The monsoon climate characteristic of the entire Russian Far East is particularly pronounced in Primorye. Solar rays heat the surface of both land and ocean, which then cool non-uniformly. In winter, the land cools rapidly. At that time of the year, cold, dense and heavy air masses are generated in the center of the Asian continent (over Northern Mongolia and southern Eastern Siberia) to form an area of high atmospheric pressure, the Siberian anticyclone. Japan Sea  At that very time, water cools slower to lead to formation over the northwestern Pacific an area of declined atmospheric pressure, the Aleutian minimum. Because of pressure difference, overcooled, dense, dry air from Siberia flows to the warmer ocean coastline. In this case, it fills the area over Primorye to rush to the reduced pressure area over the Pacific. 
    Cold, but dry and sunny weather sets in over Primorye. The prevalent winds in that period are westerly and northwesterly. These air masses form a continental monsoon in winter to reach especially significant force on the coast.
 In summer, the land warms up quicker, and warm air forms over it and the continent to form a low-pressure area. At that time, the Pacific is colder than the land, and the pressure over it higher; this is where the area of high air pressure forms. The moist and less warm air from the ocean and seas rushes to the continent. This is how the Pacific summer monsoon with southerly and southeasterly winds forms in Primorye.
     In the first half of summer, due to the fact that air masses are carried out from the Yellow, Japan and Okhotsk seas, the summer monsoon is concomitant with drizzles. It does not possess a large reserve of moisture to leave it chiefly on the coastal ridges and hills. That is why in late spring and early summer (May and June) we often have foggy rainy weather in Vladivostok, but again in Ussuriisk 100 km to the north, and moreover in Grodekovo and Spassk, there are many more clear days at this time of the year.
    In the second half of summer and early fall, the monsoon embraces the entire territory of Primorye to carry large amounts of moisture. This is the time of intensive and protracted torrential rains, not infrequently accompanied by powerful cyclones coming from tropical areas, typhoons.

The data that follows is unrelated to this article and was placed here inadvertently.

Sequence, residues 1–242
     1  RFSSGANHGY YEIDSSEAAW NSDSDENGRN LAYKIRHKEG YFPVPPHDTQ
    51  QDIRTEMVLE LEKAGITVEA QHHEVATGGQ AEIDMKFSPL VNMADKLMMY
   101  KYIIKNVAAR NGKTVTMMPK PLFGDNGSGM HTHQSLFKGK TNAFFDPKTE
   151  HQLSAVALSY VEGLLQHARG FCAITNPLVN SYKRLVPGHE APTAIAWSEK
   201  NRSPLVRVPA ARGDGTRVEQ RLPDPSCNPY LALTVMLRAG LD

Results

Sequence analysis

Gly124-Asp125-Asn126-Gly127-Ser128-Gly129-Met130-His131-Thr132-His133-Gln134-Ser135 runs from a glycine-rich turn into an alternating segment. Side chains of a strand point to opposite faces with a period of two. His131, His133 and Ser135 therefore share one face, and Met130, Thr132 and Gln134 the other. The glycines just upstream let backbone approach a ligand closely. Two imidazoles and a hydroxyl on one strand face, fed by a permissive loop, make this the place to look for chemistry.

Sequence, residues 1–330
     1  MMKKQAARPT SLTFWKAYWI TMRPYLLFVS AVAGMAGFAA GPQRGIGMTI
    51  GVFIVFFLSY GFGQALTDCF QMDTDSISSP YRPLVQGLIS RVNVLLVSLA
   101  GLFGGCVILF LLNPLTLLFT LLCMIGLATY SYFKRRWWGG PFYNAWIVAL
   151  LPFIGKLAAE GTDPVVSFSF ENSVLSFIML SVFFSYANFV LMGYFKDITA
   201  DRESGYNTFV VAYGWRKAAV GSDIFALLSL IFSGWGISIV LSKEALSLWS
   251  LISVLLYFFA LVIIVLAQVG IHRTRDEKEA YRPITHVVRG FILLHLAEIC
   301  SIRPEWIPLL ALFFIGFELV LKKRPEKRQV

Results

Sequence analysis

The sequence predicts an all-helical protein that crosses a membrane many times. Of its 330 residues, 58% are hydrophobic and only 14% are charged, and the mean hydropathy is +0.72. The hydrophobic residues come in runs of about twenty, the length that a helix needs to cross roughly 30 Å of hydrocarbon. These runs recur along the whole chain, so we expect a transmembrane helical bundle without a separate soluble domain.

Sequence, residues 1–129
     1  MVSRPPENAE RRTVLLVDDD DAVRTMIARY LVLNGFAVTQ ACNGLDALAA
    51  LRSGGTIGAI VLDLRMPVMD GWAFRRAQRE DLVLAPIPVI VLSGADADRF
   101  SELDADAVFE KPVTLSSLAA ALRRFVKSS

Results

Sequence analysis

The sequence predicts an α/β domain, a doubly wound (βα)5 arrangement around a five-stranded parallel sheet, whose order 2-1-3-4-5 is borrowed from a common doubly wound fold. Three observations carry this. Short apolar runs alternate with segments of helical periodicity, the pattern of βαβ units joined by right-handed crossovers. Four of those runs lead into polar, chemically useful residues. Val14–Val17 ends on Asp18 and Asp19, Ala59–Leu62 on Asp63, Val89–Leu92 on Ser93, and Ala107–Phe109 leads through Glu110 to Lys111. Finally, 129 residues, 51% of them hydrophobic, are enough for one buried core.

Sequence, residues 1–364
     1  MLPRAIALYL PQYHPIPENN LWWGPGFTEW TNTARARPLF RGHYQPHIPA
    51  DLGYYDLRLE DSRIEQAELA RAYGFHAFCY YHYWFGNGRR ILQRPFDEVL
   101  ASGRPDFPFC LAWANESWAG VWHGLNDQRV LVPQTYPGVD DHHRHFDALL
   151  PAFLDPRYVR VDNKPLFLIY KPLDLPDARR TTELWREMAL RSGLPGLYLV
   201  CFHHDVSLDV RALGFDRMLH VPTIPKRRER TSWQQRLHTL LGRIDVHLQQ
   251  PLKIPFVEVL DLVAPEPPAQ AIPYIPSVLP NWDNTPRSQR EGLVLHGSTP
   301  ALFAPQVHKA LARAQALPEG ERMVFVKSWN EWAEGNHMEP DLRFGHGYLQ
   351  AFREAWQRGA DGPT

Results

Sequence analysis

The continental winter monsoon noticeably prevails over the sea monsoon: northwesterly and northerly winds prevail in Vladivostok from September to March, and in Partizansk even from September to April. Precisely for that reason, the number of sunny days is so great. Again, that is why Primorye has such unusually cold weather for such low latitudes in winter. The mean temperature in Vladivostok in January is minus 14.4oC, while in Sochi, situated on the Black Sea coast on about the same latitude, the mean air temperature in January is plus 6.1oC.
    Depending on the direction in which ridges and river valleys extend, and on the nature of sea coasts in some Primorye sites, the winds in near-ground layers may change their basic directions. Relief specifics and the direction of the coastline lead to forming in Primorye of local winds, breezes, foehns, and hot dry winds.
    Breezes are observed in protected inlets of Japan Sea coastline, in narrow coastal strips. Mountains prevent breezes from spreading inside the continent. In summertime, a daytime breeze would normally start at 10-11 A.M. to continue till sunset. It would blow from the sea to the heated coast. A nighttime breeze from cooled cost to the sea would last 6-7 hours. During the cold period of the year, due to strong cooling of land at nighttime, the diurnal breeze would be less protracted.
    Sometimes in winter relatively warm dry winds, foehns, arise in coastal areas. They form when air streams flow over mountain ridges. In settling, the air heats to become drier. In this case, the temperature of ground air layers rises and winter direction changes. In spring, foehns hasten snow melting.
    Hot dry winds УvisitФ the western districts of Primorye, penetrating from Northeast China and Mongolia. The most intense, often recurrent hot dry winds are characteristic of the Khanka Plain in April and May.

Copyright © 1998-2002  Computer Laboratory , Far East Geological Institute